Therefore, in this study, we sought to develop a more cost-effective and clinically available signature to accurately predict the TMB of colon patients based on the coding DNA sequences (CDS). And given that the patients with RCC may be more sensitive to immunotherapy because of higher TMB-high rate compared to LCC patients [29, 30], we mainly concentrated on the RCC. The cancer-specific signature may allow the design of customized panels for the targeted sequencing of selected genome regions, instead of WES, to estimate TMB, decreasing the cost and time required for the assessment of mutational burden.
The WES mutational data was collected from the cBioPortal(http://www.cbioportal.org/data_sets.jsp) and The Cancer Genome Atlas (TCGA, https://portal.gdc.cancer.gov/) databases. All datasets were described in detail in Table 1. The 315 RCC samples published by Giannakis et al.  were used for the construction of the exon signature. The WES somatic mutational data from three independent studies (n=225 for TCGA; n=57 for Vasaikar et al. and n=72 for Seshagiri et al.) [32, 33] were retrieved to test the performances of the exon signature. Notably, there were no specific location information for patients in the Seshagiri dataset to distinguish RCC and LCC. Meanwhile, the LCC, rectum, breast cancer and lung cancer samples showed in Table 1 were utilized to investigate whether the exon signature trained using RCC samples can also be employed to estimate the TMB for patients with other cancer types.
Description of whole-exome sequencing mutational data analyzed in this study
|MSI status of RCC samples||MSS||-||182||39||-|
Note: the Vasaikar dataset only include missense mutations.
The human reference genome (hg19 GRCh37 and hg38 GRCh38) were downloaded from UCSC Genome Browser (http://genome.ucsc.edu/cgi-bin/hgTables). Since there were many gene transcripts for every gene, the CDS length of the longest transcript was selected for the corresponding gene.
The TMB for each sample was calculated by measuring the total of somatic mutations occurring in the CDS regions in the sequenced gene. Of note, synonymous mutations were counted as well to reduce sampling noise and as an attempt to capture mutational processes contributing to neoantigen [23, 34]. To normalized against mutations per megabase, we divided the number of somatic mutations by the total genomic territory sequenced [23, 35].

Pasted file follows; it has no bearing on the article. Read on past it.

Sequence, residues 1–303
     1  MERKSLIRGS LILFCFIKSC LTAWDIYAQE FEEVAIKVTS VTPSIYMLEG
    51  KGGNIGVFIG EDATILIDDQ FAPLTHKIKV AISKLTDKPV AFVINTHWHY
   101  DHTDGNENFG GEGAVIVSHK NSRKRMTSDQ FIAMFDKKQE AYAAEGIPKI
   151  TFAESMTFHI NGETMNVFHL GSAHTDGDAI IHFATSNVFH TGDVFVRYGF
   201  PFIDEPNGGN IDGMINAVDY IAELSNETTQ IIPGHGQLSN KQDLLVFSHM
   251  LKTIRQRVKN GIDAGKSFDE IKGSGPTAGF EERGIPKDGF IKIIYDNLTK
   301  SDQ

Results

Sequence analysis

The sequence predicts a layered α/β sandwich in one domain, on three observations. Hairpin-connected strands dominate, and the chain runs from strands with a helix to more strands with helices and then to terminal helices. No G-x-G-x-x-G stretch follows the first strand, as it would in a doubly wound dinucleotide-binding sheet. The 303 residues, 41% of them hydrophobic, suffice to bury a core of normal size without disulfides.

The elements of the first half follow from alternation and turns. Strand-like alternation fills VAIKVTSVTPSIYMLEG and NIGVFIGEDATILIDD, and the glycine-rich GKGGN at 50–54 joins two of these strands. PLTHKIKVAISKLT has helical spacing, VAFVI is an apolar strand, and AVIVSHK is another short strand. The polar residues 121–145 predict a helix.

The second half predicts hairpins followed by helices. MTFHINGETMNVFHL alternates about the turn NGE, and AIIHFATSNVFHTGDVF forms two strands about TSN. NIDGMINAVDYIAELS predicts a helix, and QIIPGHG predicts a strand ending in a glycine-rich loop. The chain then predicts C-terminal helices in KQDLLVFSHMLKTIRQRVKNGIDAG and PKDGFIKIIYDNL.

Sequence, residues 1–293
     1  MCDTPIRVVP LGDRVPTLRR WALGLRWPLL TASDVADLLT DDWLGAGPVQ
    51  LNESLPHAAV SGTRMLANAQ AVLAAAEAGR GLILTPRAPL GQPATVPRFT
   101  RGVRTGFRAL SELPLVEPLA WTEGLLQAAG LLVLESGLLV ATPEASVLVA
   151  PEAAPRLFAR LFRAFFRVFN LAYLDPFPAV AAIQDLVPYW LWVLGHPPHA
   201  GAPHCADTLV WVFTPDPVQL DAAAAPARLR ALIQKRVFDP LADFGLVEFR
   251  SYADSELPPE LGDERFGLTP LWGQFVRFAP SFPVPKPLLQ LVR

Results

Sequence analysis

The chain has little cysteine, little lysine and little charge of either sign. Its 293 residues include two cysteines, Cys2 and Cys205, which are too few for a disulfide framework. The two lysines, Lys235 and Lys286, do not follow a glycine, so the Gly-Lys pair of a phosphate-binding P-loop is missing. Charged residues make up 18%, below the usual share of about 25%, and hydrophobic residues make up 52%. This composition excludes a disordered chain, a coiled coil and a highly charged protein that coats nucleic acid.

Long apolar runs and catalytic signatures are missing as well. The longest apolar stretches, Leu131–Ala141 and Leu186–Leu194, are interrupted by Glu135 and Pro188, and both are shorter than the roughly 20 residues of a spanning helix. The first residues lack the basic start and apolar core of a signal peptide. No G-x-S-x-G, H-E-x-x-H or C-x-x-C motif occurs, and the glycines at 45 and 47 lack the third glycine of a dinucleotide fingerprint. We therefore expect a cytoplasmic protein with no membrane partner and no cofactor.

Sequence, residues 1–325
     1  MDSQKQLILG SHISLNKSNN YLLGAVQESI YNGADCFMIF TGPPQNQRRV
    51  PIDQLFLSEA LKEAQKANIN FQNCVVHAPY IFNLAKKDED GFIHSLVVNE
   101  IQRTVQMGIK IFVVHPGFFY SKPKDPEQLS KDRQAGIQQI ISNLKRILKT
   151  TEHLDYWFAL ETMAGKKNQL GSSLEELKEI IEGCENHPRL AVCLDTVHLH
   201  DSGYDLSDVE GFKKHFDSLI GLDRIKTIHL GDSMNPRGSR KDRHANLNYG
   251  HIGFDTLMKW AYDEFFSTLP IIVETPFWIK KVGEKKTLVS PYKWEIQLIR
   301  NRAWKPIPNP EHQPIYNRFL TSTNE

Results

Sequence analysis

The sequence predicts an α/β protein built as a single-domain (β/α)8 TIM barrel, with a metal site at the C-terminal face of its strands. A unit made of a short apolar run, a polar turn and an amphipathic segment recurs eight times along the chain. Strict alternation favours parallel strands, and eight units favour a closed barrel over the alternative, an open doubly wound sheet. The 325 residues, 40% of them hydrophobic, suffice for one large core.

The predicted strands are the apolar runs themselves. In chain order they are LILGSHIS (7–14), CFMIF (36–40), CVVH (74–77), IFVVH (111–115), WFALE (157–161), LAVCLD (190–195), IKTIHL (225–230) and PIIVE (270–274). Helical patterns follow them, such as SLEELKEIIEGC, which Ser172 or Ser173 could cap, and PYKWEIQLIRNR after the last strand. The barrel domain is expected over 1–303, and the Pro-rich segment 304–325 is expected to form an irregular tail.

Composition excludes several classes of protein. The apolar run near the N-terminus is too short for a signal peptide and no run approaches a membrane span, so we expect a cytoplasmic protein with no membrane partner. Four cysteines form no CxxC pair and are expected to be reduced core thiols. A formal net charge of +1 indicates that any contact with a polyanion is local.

The MSK-IMPACT (n=341)  and FoundationOne (n=315) gene panel [24, 36], which developed from non-cancer-specific patients and contained all exons in the corresponding genes and were comparatively mature, are widely used in routine molecular diagnostics nowadays [36, 37]. Here, we adopted a stratified randomized resampling procedure to investigate whether the performances of the MSK-IMPACT (or FoundationOne) panel was significantly different from randomly selected panels with the same number of genes. The stratified randomized resampling procedure may ensure that the length of the randomly selected set was close to that of the MSK-IMPACT (or FoundationOne) panel.
We firstly stratified all WES genes into 100 subsets according to the CDS length of every gene and counted the number of genes of MSK-IMPACT (or FoundationOne) panel in each subset. Subsequently, we resampled the same number of genes as that of MSK-IMPACT (or FoundationOne) panel in the corresponding subset and recorded the randomly selected gene set. Then all the selected sets formed a random panel. The procedure was repeated 1000 times, resulting in 1000 random panels. For each random panel, the R2 between estimated and WES TMB was calculated by linear regression analysis. Finally, we compared the average R2 that measured by randomly selected panels with the actual R2 calculated by the MSK-IMPACT (or FoundationOne) gene panel.
For every exon, we determined whether the mutational values within the samples were associated with WES TMB by linear regression analysis. And then, the p-value was subjected to Benjamini-Hochberg multiple testing correction , and regions with false discovery rate (FDR)≤0.01 were taken as candidate exons for the following analysis.
Next, based on the candidate exons, we applied a heuristic selection procedure to search a signature that achieved the maximum R2 value for estimating TMB in RCC samples. The candidate exon with maximal R2 was chosen as the seed and then added another candidate exon to a set one at a time until the R2 did not increase. Notably, when added an exon to the set, we also re-considered if there were better combinations in the set and deleted the exon that cannot improve R2. Finally, a set of exons with the maximal R2 was chosen as an estimated signature for TMB in RCC samples.
A two-tailed Fisher's exact test was applied to estimate the molecular differences between TMB-high and TMB-low groups, such as MSI, CIMP phenotype, KRAS, BRAF and POLE/POLD1 mutational status. And linear regression analysis were used to determine the consistency between the estimated TMB and WES TMB. All statistical analyses were performed by using the R software package version 3.4.2.